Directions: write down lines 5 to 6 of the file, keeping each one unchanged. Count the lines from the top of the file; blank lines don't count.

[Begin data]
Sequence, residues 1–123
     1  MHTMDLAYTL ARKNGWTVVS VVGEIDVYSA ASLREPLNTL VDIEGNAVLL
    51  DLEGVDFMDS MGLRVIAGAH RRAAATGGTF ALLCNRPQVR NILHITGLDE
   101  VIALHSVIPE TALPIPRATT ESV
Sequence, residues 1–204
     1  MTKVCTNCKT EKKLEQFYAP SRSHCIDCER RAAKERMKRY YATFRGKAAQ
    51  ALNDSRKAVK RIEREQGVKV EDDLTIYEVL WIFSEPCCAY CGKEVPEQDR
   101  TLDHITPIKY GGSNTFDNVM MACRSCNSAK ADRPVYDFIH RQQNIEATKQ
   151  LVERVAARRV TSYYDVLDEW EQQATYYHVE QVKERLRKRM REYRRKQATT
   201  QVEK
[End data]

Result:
Sequence, residues 1–204
     1  MTKVCTNCKT EKKLEQFYAP SRSHCIDCER RAAKERMKRY YATFRGKAAQ